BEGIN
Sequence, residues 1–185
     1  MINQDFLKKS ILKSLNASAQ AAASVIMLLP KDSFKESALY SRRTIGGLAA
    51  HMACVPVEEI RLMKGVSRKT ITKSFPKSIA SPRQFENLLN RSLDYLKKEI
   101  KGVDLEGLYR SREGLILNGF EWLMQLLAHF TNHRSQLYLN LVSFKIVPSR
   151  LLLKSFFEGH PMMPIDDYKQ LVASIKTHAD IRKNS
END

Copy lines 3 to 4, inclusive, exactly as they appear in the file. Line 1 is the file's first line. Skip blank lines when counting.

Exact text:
    51  HMACVPVEEI RLMKGVSRKT ITKSFPKSIA SPRQFENLLN RSLDYLKKEI
   101  KGVDLEGLYR SREGLILNGF EWLMQLLAHF TNHRSQLYLN LVSFKIVPSR